For many of the East Asian countries, the summit – no matter how short on substantive outcomes – was welcome news. And for both the Koreas – of the same blood, race and culture, but riven asunder by foreign domination for more than a century, first by Japanese, and then by Cold War and US politics – it was indeed an emotional moment. That there are concrete discussions on the reunification scheduled in the near future shows that both the Koreas consciously want that outcome and are moving towards that – none of the previous meetings triggered such a response. Only when the conditions are right does the work occur. Japan is clearly the most vulnerable country right now. Left in the cold by the US on the trade issue as well on the Korean issue, it is now planning to hold its own summit with North Korea, to resolve all existing issues and dissolve their mutual enmity. It also realizes that the talk of revising its pacifist Constitution will have to become an inevitable reality in a world where the US is withdrawing into itself and can no longer be trusted.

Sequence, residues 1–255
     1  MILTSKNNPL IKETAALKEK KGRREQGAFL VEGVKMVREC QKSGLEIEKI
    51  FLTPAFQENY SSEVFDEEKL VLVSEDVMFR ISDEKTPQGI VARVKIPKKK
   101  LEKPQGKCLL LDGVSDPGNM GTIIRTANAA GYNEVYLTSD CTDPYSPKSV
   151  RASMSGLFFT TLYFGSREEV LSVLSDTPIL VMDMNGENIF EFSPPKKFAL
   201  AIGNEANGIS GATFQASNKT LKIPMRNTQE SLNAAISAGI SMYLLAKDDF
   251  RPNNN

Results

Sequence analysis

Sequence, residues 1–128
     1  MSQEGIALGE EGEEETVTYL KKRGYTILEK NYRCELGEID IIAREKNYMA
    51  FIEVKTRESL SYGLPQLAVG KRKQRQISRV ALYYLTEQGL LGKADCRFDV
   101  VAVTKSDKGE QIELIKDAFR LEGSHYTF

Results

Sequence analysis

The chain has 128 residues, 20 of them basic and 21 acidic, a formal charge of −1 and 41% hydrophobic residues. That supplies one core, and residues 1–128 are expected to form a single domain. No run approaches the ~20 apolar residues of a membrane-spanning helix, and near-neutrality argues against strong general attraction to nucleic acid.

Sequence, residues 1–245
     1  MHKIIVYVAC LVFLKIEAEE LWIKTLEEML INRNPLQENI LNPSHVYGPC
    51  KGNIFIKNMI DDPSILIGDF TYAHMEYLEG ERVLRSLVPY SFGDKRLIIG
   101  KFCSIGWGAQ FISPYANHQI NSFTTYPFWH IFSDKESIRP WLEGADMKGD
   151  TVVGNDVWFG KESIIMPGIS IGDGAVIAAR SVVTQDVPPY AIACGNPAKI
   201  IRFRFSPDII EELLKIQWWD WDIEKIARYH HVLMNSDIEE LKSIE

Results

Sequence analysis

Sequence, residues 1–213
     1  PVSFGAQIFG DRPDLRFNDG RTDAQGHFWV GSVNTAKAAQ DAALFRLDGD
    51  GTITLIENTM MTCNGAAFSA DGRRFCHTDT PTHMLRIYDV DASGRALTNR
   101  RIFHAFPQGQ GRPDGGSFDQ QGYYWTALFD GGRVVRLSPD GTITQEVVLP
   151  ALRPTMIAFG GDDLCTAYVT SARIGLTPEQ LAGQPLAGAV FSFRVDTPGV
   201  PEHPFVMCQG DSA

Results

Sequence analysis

Other countries – Russia, Syria and India – are following suit in setting up engagements with North Korea, while the Western countries have reserved their judgement. This shows that the international recognition gained by North Korea has been a major breakthrough, irrespective of the promises Kim and Trump made to each other. Even if Trump – and his complex administration and anti-North Korea NSA, John Bolton – decides to continue with the material status quo, North Korea’s economy will be stable. Its major trade relations were with China, in any case, which will now not heed any kind of US sanctions after this summit. The additional advantage is that it can now cultivate its own economic relations with other countries like Russia as well. A summit in Japan – probably within the next two months – will further cement North Korea’s global integration, even as regular contact with South Korea has already been established. India had already starting courting the country few months ago by sending its diplomats and appointing an ambassador to the country.